The U.S. Centers for Disease Control and Prevention (“CDC”) has quietly released more expansive guidance regarding the reopening of different types of organizations. The document, entitled CDC Activities and Initiatives Supporting the COVID-19 Response and the President’s Plan for Opening America Up Again, builds upon the decision tools issued by the CDC last week. The HL Pulse addressed the decision tools here. Previously, the Associated Press published a sixty-three page guidance document that the White House declined to release. The CDC states that “[w]idespread community mitigation combined with ongoing containment activities represents both an effective intervention for limiting the spread of COVID-19 and a serious threat to the economic well-being of the country and the world.” The CDC provides insights into the COVID-19 surveillance plan, healthcare system surveillance, infection control and contact tracing, test usage, and assessing surveillance and hospital gating indicators.
The guidance document provides interim guidance for various types of organizations that is “meant to supplement the decisions tools CDC released on May 14, 2020.” Specifically, the guidance addresses:
- Child care programs;
- Schools and day camps;
- Employers with workers at high risk;
- Restaurants and bars; and
- Mass transit administrators.
According to the CDC, the guidelines set forth “a menu of safety measures, from which establishments may choose those that make sense for them in the context of their operations and local community, as well as state and local regulations and directives.”
The COVID-19 pandemic has disproportionately affected nursing home communities in the United States. According to the CDC, “[g]iven their congregate nature and resident population served (e.g., older adults often with underlying chronic medical conditions), nursing home populations are at high risk of being affected by respiratory pathogens like COVID-19A.” A Government Accountability Office (“GAO”) analysis entitled Infection Control Deficiencies Were Widespread and Persistent in Nursing Homes Prior to COVID-19 pandemic examined CMS data between 2013-2017. The GAO found that 82 percent of all surveyed nursing homes had an infection prevention and control deficiency cited in one or more years during this period. Despite this large number of deficiencies, the GAO noted that “nearly all infection prevention and control deficiencies (about 99 percent in each year) were classified by surveyors as not severe, meaning the surveyor determined that residents were not harmed.”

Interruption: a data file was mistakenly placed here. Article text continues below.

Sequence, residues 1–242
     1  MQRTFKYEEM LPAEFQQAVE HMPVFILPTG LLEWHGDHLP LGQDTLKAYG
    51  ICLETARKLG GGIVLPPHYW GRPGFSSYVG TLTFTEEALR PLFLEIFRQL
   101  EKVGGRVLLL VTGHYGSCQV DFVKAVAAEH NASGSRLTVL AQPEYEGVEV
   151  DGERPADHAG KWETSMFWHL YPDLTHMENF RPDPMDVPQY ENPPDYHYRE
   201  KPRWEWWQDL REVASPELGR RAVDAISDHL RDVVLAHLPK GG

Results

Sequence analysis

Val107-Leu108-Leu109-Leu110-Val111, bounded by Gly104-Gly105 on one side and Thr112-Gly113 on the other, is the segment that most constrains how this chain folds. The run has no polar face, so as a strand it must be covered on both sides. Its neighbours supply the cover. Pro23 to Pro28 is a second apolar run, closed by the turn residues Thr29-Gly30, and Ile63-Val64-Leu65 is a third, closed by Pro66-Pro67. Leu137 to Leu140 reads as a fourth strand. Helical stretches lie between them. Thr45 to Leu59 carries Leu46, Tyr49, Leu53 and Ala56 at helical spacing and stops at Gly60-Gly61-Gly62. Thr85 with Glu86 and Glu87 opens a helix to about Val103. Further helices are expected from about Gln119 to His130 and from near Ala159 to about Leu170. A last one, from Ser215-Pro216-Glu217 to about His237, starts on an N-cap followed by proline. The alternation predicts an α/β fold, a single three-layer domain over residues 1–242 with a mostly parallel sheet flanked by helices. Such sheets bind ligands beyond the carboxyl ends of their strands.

Norton Rose Fulbright attorneys will continue to provide relevant updates for healthcare providers on the Health Law Pulse during the COVID-19 public health crisis.
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